It’s wonderfully tempting to use INITCAP to properly format names, and all will be fine until you run into a case like:


   name VARCHAR2(30) := 'JOE mcwilliams';




which generates this output:

Joe Mcwilliams

Joe McWilliams may not be so happy to see his last name written as “Mcwilliams,” with a lowercase w. INITCAP is handy at times, but remember that it doesn’t yield correct results for words or names having more than just an initial capital letter.

Traditional Searching, Extracting, and Replacing

Frequently, you’ll find yourself wanting to search a string for a bit of text. Starting with Oracle Database 10g, you can use regular expressions for these textual manipulations; see Regular Expression Searching, Extracting, and Replacing for the full details. If you’re not yet using Oracle Database 10g or later, you can use an approach that is backward compatible with older database versions. The INSTR function returns the character position of a substring within a larger string. The following code finds the locations of all the commas in a list of names:


   names VARCHAR2(60) := 'Anna,Matt,Joe,Nathan,Andrew,Aaron,Jeff';

   comma_location NUMBER := 0;



      comma_location := INSTR(names,',',comma_location+1);

      EXIT WHEN comma_location = 0;




The output is:







The first argument to INSTR is the string to search. The second is the substring to look for, in this case a comma. The third argument specifies the character position at which to begin looking. After each comma is found, the loop begins looking again one character further down the string. When no match is found, INSTR returns zero, and the loop ends.

Now that we’ve found the location of some text in a string, a natural next step is to extract it. I don’t care about those commas. Let’s extract the names instead. For that, I’ll use the SUBSTR function:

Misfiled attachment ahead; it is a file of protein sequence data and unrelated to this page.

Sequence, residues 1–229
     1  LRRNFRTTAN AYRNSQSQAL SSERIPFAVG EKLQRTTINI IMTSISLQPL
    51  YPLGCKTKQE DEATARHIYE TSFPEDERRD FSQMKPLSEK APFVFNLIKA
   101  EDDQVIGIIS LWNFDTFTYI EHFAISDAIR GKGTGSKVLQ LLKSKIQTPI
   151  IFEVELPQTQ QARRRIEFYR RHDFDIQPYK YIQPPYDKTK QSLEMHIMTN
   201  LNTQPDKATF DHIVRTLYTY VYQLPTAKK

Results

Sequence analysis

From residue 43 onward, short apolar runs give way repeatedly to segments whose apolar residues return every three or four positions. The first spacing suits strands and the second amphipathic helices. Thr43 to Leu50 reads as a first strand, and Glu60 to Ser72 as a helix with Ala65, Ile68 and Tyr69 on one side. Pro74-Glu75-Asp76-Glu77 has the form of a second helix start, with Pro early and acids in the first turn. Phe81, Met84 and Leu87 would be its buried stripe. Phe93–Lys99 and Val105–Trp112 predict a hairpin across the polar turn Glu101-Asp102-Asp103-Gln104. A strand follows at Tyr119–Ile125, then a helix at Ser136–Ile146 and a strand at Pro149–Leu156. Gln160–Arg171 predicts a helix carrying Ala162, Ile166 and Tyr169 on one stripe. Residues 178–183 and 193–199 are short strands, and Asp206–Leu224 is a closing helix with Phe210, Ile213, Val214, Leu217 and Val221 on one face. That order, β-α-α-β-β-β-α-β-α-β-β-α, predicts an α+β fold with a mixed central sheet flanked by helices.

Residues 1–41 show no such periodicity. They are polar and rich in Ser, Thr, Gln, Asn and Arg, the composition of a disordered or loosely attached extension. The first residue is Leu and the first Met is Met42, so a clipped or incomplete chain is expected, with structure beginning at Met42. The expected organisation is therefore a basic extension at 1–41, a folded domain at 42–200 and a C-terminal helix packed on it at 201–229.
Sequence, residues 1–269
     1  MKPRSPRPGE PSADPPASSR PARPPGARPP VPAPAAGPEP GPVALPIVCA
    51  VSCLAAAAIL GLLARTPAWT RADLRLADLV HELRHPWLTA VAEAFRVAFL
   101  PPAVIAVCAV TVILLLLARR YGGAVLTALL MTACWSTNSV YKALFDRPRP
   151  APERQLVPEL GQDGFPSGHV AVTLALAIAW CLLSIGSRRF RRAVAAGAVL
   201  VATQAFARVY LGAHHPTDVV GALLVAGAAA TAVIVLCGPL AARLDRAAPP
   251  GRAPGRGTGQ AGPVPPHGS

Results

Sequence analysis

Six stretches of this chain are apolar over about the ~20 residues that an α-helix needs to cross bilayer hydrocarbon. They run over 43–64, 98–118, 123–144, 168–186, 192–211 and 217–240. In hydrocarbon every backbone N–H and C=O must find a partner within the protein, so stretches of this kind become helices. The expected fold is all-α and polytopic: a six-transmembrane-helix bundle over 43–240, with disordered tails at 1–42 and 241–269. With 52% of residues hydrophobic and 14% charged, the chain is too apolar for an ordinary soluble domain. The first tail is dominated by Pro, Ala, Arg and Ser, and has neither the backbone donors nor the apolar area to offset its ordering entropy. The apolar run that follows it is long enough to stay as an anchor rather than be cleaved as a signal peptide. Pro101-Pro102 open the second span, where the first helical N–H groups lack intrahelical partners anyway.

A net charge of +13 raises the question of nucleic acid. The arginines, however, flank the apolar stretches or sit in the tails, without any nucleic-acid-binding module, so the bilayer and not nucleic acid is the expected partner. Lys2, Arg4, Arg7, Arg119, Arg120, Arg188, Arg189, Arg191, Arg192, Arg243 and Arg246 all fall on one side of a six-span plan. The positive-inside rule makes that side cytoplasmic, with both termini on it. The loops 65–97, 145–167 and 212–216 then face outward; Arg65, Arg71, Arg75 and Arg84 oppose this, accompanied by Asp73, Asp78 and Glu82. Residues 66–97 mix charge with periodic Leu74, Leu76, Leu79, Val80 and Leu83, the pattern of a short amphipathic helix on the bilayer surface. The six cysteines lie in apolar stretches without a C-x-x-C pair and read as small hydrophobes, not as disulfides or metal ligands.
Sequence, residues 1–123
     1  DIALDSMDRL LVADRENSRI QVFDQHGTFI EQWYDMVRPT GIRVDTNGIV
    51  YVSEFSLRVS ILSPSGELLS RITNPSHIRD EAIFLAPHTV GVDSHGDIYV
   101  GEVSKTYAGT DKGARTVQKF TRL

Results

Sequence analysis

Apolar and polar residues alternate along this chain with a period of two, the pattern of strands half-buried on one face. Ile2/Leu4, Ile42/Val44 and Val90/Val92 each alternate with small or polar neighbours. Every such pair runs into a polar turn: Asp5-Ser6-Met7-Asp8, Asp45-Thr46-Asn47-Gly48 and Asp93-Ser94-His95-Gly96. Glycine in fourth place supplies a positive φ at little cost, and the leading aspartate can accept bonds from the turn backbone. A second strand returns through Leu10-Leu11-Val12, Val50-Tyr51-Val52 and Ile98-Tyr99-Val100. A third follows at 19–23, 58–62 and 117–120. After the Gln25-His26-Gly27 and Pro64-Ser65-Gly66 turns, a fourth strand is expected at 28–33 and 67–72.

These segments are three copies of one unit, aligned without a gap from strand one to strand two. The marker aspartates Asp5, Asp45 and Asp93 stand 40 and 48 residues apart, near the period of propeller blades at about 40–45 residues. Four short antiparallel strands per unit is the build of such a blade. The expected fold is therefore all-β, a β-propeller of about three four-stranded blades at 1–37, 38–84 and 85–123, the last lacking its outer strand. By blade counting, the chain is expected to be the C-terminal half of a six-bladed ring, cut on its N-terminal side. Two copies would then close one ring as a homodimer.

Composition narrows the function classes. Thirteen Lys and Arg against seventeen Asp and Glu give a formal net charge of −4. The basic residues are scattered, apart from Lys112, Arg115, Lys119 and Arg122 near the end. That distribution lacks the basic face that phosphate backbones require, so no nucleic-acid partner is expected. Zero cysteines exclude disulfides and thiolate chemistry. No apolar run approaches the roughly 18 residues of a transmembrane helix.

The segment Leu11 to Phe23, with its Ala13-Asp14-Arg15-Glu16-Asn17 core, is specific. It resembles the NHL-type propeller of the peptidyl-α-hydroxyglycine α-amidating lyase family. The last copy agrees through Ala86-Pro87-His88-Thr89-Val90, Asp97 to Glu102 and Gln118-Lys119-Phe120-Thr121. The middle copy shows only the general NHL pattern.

names VARCHAR2(60) := 'Anna,Matt,Joe,Nathan,Andrew,Aaron,Jeff';

   names_adjusted VARCHAR2(61);

   comma_location NUMBER := 0;

   prev_location NUMBER := 0;


   -- Stick a comma after the final name

   names_adjusted := names || ',';


      comma_location := INSTR(names_adjusted,',',comma_location+1);

      EXIT WHEN comma_location = 0;





      prev_location := comma_location;



The list of names that I get is:








The keys to the preceding bit of code are twofold. First, a comma is appended to the end of the string to make the loop’s logic easier to write. Every name in names_adjusted is followed by a comma. That simplifies life. Then, each time the loop iterates to DBMS_OUTPUT.PUT_LINE, the two variables named prev_location and comma_location point to the character positions on either side of the name to print. It’s then just a matter of some simple math and the SUBSTR function. Three arguments are passed:


The string from which to extract a name.


The character position of the first letter in the name. Remember that prev_location will point to just before the name to display, usually to a comma preceding the name. That’s why I add 1 to the value.